One family had disguised their young girls as boys, but when they were leaving Mosul, ISIS rebels took their three-year-old daughter and her teenage sister. The mother wept and pleaded with the ISIS rebels to let the two girls go, or to at least let her stay to look after them. But the family had nothing more to pay as a bribe. They were told, at gunpoint, to leave—with the very real threat that the entire group would otherwise be killed.
Gabir told me that because of such stories and what he has seen firsthand, he can hardly sleep at night. “I cry with them, I feed them, and I pray for them, but I can do little more. Only Jesus can heal their broken hearts.”
“I think of my own daughter,” Gabir told me. “How would I feel if she was taken?” There was a pause, and then he explained in a faltering voice that he almost does not want to hear any more stories.
“It is such an unbelievable disaster, worse than one can even imagine. And still the world is doing little,” he sobbed. “Every family is facing tragedy. Every person is brokenhearted. Refugee Christians continue to come to my door. Thank God that they have a place to seek sanctuary. I cannot turn them away.”
Over the last days, Gabir told me, several of the elderly in the camp had died of heat exhaustion. He described the stifling heat of canvas tents staked out in the blazing hot desert sun. “I have over two hundred sick and elderly crowded into smaller apartments. We are trying to find air-conditioned places for them, but it is so hard. We have hired a wedding hall and divided it up into twenty-six rooms with fifty-two families. Nobody has time to celebrate, so we will use the place for the needy.
“We are also trying to organize a school for the refugee children,” he continued. “We have 3,500 children, but there are only 45 teachers among the refugees. We also have no facilities.” Everything he said sounded so hopeless.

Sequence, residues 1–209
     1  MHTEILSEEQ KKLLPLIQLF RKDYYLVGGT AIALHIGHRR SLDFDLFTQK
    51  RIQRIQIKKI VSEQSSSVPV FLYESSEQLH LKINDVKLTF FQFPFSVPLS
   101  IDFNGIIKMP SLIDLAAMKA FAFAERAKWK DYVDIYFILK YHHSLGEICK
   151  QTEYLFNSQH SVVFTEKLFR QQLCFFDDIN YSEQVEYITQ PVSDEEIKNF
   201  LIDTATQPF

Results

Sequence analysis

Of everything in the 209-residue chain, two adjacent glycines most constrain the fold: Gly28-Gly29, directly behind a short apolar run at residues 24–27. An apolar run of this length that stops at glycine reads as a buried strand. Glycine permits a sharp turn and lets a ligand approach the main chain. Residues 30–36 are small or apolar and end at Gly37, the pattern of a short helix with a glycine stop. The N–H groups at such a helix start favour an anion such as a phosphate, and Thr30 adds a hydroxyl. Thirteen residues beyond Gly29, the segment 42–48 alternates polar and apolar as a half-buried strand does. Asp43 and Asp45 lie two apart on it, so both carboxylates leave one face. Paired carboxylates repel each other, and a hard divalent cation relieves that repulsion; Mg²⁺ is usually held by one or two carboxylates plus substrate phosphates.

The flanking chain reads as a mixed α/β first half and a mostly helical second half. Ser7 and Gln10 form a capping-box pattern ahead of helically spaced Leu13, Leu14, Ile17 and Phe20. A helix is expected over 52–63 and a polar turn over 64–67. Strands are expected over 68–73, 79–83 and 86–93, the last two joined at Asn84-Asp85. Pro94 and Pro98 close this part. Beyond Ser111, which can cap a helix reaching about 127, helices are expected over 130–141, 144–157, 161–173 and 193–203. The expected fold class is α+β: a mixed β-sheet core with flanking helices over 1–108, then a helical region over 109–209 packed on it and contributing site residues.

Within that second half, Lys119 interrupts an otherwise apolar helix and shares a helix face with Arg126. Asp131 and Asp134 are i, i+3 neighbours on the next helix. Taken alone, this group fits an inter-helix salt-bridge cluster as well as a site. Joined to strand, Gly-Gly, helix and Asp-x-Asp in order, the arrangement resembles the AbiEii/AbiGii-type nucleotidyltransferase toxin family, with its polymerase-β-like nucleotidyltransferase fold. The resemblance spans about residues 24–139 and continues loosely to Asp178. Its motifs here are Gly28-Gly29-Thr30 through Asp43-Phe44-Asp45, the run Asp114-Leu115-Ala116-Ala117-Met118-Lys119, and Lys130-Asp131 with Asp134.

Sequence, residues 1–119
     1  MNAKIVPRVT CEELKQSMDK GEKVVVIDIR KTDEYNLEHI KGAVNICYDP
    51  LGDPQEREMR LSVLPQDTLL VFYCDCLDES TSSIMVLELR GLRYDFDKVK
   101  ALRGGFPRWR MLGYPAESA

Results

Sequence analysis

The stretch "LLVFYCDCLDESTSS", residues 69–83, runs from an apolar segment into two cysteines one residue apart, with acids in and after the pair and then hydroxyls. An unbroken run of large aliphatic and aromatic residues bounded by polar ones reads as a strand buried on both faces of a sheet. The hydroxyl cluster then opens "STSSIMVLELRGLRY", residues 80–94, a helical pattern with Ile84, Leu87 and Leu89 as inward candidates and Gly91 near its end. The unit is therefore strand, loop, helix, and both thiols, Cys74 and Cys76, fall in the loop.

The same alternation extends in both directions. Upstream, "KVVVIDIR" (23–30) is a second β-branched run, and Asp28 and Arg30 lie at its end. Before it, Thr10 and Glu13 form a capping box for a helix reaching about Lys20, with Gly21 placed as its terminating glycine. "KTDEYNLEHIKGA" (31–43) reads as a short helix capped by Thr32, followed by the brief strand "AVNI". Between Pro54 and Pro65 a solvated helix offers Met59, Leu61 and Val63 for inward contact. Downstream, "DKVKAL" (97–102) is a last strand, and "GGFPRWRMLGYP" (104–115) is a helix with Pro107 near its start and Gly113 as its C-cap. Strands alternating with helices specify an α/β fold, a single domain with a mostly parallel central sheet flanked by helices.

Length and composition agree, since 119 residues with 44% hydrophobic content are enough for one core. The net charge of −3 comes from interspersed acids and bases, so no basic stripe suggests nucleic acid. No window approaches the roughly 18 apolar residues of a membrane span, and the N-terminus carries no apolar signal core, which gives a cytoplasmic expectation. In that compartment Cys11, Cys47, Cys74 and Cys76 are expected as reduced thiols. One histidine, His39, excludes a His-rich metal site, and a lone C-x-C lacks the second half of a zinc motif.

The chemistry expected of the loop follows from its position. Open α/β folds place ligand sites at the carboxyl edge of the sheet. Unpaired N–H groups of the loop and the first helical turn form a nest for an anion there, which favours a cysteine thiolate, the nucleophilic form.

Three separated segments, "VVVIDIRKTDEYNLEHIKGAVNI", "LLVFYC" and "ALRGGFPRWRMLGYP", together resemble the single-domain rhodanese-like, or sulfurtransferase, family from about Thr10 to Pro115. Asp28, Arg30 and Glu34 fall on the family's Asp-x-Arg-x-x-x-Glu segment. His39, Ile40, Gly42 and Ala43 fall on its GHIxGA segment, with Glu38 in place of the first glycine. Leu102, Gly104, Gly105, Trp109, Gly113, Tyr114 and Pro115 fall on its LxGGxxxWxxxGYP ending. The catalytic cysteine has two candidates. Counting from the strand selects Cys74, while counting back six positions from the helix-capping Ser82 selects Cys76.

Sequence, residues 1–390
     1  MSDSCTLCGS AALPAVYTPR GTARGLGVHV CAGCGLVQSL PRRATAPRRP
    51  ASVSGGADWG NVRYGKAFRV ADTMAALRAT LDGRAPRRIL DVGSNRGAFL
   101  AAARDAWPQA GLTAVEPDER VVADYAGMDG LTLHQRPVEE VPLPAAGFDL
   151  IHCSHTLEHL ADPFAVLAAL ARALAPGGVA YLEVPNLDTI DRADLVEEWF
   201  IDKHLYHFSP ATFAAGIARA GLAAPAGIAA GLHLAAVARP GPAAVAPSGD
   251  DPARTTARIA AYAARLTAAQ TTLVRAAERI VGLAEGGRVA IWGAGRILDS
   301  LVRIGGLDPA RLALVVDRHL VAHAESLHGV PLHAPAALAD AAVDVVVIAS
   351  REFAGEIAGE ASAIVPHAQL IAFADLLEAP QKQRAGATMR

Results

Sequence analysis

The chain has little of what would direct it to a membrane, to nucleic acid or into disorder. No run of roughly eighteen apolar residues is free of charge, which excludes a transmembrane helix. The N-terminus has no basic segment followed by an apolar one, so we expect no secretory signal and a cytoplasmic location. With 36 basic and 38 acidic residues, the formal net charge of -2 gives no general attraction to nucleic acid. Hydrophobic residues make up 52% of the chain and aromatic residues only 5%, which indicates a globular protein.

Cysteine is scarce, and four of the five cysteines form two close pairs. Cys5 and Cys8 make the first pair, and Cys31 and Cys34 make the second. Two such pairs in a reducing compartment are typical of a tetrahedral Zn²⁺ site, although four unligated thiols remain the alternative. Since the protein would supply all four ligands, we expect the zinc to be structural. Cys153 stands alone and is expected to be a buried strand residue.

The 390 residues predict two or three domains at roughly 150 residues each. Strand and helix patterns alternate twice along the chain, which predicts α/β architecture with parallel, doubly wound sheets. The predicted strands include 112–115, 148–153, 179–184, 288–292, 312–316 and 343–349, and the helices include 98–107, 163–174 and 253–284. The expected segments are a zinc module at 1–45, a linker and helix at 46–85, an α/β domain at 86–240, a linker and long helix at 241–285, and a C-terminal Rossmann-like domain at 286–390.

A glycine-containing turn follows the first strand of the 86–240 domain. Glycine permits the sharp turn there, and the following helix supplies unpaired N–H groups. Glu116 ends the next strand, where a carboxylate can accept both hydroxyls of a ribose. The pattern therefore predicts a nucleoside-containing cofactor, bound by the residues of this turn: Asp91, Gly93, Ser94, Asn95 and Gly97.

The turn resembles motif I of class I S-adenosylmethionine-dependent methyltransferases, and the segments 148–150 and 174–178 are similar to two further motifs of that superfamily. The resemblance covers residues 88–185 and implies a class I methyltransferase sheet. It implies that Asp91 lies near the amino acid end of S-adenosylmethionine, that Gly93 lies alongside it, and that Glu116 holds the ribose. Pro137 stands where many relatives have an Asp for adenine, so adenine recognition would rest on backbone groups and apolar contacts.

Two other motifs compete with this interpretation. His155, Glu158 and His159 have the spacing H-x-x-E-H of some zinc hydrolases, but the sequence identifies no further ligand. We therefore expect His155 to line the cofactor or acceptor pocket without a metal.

“I am talking to the government, but they too cannot help. Even now our own children cannot go to school. All of our schools are filled with refugees. Everywhere there is disaster. Please, Brother Robb, ask your church to pray for continued strength. Pray for world intervention in this hopeless situation.”
We prayed together and said goodbye, and then I sat and wept. Just one phone call away, mothers are losing their daughters, seeing them torn from their arms. A nation is being destroyed. Christians are being persecuted, executed for their faith, and driven from their homes.
Please continue to uplift these dear people in prayer.
Thanks to our partners, Messenger International provided Brother Gabir with funds that were used to purchase mattresses, food, a mobile bread oven, and more. The regular contributions of our partners allowed us to immediately respond to this need without having to ask for special donations. There are restrictions surrounding the delivery of funds into Iraq, but we are committed to seeking solutions that will allow us to provide ongoing support.
Your partnership helps make this possible. Thank you for standing with us to teach, reach, and rescue.